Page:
WASHINGTON (Reuters) -- Iran should use next month's talks with major powers to ease fears over its nuclear program or risk greater isolation and economic pressure, U.S. Secretary of State Hillary Clinton has said.
"We are serious and we will soon see if the Iranians are serious," Clinton said in a speech at the Brookings Institution, a Washington think tank.
"We have made clear our desire to resolve issues with Iran diplomatically. Iran must now decide whether to join us in this effort," Clinton said, adding that there could be profound consequences for failure to act.
"There will be accompanying costs for Iran's continued defiance: more isolation and economic pressure, less possibility of progress for the people of Iran," Clinton said.
The United States has agreed to take part in talks on October 1 between Iran and the so-called "P5+1," which includes the five permanent members of the UN Security Council -- Britain, China, France, Russia, and the United States -- and Germany.
The meeting is seen as a move toward President Barack Obama's pledge during last year's U.S. presidential campaign to try to improve relations with Iran through more direct contacts. The two countries have not had diplomatic ties since 1980.
Clinton repeated the U.S. position that the talks must address Iran's uranium enrichment program, which Tehran says is geared toward energy production but which some global powers fear is a cover for developing nuclear weapons.
Iran repeatedly has said that it will not use the October talks to bargain over its nuclear capabilities.
Clinton said the face-to-face meeting between U.S. and Iranian negotiators would provide a chance to assess Tehran's attitude, but that Washington was "not in this just for the sake of talking."
"We remain ready to engage with Iran, not as an end in itself, but as a means of addressing the growing concerns that we and our partners have about Iran's actions, especially on the nuclear issue," she said.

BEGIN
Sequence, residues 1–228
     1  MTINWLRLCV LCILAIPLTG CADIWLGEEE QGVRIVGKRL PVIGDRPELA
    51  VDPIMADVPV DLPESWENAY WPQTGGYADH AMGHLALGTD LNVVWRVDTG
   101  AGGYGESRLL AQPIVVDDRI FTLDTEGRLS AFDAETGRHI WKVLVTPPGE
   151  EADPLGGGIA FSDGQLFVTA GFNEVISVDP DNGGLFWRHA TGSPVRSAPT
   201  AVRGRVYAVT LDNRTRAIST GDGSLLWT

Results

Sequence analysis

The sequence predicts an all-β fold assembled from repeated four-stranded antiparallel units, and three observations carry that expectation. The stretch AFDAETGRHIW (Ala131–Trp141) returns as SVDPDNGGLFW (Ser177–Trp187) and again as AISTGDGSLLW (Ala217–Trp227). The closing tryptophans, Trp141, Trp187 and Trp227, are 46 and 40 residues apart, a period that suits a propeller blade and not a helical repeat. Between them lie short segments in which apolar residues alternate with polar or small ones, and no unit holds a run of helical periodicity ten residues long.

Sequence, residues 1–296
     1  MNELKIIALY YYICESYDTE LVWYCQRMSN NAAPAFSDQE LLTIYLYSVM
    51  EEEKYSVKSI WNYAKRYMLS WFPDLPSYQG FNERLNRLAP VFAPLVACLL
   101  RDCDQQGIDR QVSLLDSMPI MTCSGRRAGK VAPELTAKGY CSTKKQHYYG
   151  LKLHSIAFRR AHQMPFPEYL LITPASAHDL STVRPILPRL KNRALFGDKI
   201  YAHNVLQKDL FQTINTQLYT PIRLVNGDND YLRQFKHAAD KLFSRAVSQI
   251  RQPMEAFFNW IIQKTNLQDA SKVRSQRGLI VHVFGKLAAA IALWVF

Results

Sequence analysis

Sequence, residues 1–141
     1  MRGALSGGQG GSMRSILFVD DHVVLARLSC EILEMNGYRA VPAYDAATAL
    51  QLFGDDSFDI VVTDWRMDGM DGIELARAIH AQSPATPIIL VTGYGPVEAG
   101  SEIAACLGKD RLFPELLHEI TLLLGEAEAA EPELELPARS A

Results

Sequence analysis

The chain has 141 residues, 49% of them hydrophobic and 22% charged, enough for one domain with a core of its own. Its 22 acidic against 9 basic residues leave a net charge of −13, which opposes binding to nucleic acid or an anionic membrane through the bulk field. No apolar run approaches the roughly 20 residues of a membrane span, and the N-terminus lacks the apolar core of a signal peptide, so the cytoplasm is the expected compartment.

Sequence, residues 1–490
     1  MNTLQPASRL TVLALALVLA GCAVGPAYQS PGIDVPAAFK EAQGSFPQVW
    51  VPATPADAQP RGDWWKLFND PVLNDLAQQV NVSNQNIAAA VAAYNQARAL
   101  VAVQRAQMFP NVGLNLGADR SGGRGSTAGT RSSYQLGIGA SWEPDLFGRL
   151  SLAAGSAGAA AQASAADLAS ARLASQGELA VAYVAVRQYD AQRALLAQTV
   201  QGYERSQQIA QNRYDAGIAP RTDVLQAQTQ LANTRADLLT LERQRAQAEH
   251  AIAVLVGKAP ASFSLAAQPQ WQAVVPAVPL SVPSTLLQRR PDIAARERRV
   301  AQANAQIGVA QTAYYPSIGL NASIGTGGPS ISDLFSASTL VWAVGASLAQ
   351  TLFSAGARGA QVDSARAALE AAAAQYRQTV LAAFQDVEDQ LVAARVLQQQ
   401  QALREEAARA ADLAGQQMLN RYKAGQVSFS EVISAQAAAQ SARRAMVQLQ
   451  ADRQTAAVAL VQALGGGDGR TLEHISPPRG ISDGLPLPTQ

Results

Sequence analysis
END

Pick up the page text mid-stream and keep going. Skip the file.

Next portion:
Former U.S. President George W. Bush resisted direct talks with Iran over the nuclear issue and relented only in July 2008 when he sent a senior diplomat to join the major powers in a meeting with Iranian officials in Geneva.
Clinton suggested this policy was a failure.
"For many years we outsourced our policy and concerns about the nuclear program to others," Clinton said.
"We were on the sidelines. We were pacing up and down the sidelines extremely agitated and we were...trying to figure out how to get other people to go on the field and deal with this problem and look where we are today. We are, you know, really nowhere," she added with a laugh.
Iranian President Mahmud Ahmadinejad on September 18 further alienated the United States and other Western nations by calling the Holocaust "a lie based on an unprovable and mythical claim."
Ahmadinejad's comments came a day after Obama scrapped a Bush-era missile defense plan for Europe in favor of a new strategy to defend against Iran's short- and medium-range missiles.
The United States and its European allies have floated the idea of putting sanctions on Iran's fuel imports if it fails to enter talks on its nuclear program. While Iran is the world's fifth-largest crude exporter, it still imports up to 40 percent of its gasoline supplies as it lacks refining capacity.
U.S. Ambassador to the United Nations Susan Rice said on September 18 that the "P5+1" group would meet at the ministerial level on the sidelines of next week's UN General Assembly meeting in New York -- which will also hear speeches from both Obama and Ahmadinejad.
Clinton said Washington still hoped for movement on Iran's nuclear program by the end of the year.
"We're going to move forward, see what -- if any -- changes in approach, attitude, actions the Iranians are willing to entertain and continue to work with our allies...on the consequence side of the ledger," she said.